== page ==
Opera 15.x

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Opera 15.x

Postby Yogi » 31 Jul 2013, 11:16

The Opera browser has been a favorite of mine ever since the days when it was available by subscription only. It was buried in the noise level generated by the revitalized interest Microsoft put into Internet Explorer, but Opera and it's unique features always appealed to my eccentric technology tastes. For one it was a strict adherent to the World Wide Web Consortium (W3C) of standards to which Microsoft paid lip service but ignored for the most part. That was fine if you were a dedicated Microsoft fan, but those of us who were thinking outside the box had no kind words for IE and the way it treated web page rendering.

I've stuck with Opera all these years, even thought I confess it has not been my default browser for a long time now. I have gone to it as the ultimate test for web page rendering and still maintain a nostalgic love for it's own eccentricities. But, how the world has changed since that love at first sight. Internet Explorer, version 10, is well poised to take back it's lead in the browser world, and Opera ... well, Opera was purchased by the gang of thugs over at Facebook. They swore to let it live a life of it's own, but what company would be so fatally flawed as to bite the hand that feeds it? I can't help thinking that Facebook and it's myriad of user unfriendly security issues has made a fatal imprint on the latest Opera release, version 15. It's not what it used to be, and like Microsoft with it's blundering into Windows 8, Opera will be doing some backtracking if it intends to keep its user base at a profitable level.

Apparently search engines are all equal at the core. The web engine called WebKit runs them all, or did in the past several years. Opera decided the Blink search engine model is the way to go these days, and has abandoned some of the critical user needs from a browser in it's efforts. Bookmarks as we know them do not exist in the latest offering of Opera. They have some very convoluted ways of managing what used to be bookmarks, but the learning curve is complex and burdensome. It's not the kind of thing you want to spend hours pouring over to research the equally convoluted help system for answers. I will say that Opera presents itself as a very clean an neat browser well suited for mobile devices. Be that as it may, there STILL is no bookmark management provided in the native code.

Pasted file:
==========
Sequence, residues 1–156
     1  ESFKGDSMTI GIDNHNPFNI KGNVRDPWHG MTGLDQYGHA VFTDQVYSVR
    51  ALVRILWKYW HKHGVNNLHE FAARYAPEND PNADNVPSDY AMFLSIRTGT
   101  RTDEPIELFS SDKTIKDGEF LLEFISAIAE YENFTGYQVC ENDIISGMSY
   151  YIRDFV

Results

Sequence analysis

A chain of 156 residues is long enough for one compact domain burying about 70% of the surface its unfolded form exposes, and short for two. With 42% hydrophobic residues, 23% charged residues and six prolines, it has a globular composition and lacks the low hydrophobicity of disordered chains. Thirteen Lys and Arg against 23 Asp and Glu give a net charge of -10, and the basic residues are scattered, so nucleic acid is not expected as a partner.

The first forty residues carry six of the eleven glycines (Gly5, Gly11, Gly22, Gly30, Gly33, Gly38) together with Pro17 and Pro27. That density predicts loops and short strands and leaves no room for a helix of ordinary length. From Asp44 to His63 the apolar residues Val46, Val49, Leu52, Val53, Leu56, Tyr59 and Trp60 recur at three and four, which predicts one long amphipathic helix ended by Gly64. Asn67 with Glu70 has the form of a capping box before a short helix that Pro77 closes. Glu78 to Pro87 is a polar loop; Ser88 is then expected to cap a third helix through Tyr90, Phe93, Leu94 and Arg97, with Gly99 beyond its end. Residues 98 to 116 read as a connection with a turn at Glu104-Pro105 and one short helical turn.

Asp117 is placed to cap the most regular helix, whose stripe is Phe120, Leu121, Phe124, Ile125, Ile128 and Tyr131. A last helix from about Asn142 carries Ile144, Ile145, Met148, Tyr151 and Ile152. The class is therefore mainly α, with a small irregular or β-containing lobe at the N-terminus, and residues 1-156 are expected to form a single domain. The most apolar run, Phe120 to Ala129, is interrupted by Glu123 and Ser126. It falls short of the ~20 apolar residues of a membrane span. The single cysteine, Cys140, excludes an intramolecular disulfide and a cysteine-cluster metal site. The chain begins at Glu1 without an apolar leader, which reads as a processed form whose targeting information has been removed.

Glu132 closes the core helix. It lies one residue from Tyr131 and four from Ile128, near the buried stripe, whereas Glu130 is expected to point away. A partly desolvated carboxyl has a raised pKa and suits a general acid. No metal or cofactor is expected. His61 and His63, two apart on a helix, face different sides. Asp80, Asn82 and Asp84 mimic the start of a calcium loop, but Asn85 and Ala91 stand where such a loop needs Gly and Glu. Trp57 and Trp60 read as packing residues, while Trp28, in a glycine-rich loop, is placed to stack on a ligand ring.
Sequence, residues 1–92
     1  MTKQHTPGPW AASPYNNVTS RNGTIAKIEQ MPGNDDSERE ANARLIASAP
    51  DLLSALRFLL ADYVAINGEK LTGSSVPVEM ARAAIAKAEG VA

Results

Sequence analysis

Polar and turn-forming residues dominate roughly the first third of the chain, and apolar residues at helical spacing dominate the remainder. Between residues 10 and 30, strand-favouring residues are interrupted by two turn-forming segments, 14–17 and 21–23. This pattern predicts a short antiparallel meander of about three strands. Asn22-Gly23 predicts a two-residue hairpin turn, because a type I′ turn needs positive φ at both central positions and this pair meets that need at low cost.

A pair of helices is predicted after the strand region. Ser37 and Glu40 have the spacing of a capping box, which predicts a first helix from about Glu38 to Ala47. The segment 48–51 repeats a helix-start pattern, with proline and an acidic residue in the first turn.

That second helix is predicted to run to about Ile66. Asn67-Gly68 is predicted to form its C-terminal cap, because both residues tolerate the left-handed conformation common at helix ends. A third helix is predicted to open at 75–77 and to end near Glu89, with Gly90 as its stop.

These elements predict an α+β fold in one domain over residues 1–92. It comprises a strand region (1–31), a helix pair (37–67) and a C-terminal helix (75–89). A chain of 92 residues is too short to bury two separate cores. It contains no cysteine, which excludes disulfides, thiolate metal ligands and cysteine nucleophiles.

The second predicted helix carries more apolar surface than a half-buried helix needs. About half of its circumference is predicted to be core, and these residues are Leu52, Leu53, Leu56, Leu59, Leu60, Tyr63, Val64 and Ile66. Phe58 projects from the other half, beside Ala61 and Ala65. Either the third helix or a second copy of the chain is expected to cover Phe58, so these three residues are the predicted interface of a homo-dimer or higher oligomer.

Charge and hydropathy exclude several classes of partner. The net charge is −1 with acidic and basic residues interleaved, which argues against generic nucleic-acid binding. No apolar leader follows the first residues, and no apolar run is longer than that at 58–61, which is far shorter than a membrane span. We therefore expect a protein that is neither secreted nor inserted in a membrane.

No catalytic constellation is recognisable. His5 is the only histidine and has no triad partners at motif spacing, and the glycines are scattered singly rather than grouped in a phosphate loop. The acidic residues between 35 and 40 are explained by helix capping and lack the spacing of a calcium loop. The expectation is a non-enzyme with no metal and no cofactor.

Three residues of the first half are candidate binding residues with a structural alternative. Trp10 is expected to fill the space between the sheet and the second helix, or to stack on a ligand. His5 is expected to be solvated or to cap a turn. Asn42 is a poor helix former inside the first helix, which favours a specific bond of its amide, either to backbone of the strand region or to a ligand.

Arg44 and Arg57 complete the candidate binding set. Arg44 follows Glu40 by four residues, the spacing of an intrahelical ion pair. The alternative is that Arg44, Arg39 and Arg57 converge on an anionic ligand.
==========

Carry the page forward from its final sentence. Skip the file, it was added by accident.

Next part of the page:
For now I will drop Opera off the top of my recommended browser list. It's worth a try when you have a lot of time to research obscure technical facts (are you listening, Glenn?), but for the average person who just wants a web page to be called from their list of bookmarked pages, go elsewhere.

Here is how I see the list of preferred browsers today. None are perfect for my needs, but this is the order in which I prefer to use them.

    Firefox Nightly Build
    Firefox Final Release
    Google Chrome
    Maxthon Cloud Browser
    Internet Explorer 10
    Opera 15

I suppose Safari should be in the list somewhere too, but I've not gotten around to evaluating it yet.
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Re: Opera 15.x

Postby Kellemora » 31 Jul 2013, 12:49

I still like CELLO the best of them all. In its day of course!
Today I use Chromium most often, followed by Google Chrome and then Firefox.
I'm on Google Chrome right now, but if I check Links, I do so through Firefox, rather than a tab or new Chrome window.
If I decide to open a link from a link. The third link will be opened in Iceweasel.
I do it this way to keep my History Lists cleaner.
In the event I find a website I want to bookmark, I will reopen the site in either Firefox or Chrome, depending upon how I want to access the History file later. Chrome has a LOUSY history file. Firefox's history file is great for collecting links for reuse, fast and simple. Or they used to be, don't know if they still are, because I've not had to use that feature in well over a year now. Put to put it bluntly. Google Chrome only allowed you to select ONE link at a time, after opening the link within the history file. Firefox displayed the full URL of each link, lined up in a nice neat little row, so you could select all of them at once and move them where needed to batch open them all at once, one in each tab.
However, for other things, Google Chrome beats out Firefox hands down. Like drop down tabbed browsing. Wastes less screen space too. When you have to jump around to different websites as many times as I do per day, you have to use Chromium or Google Chrome or get bogged way down. Especially if you have many different personae to work under.

TTUL
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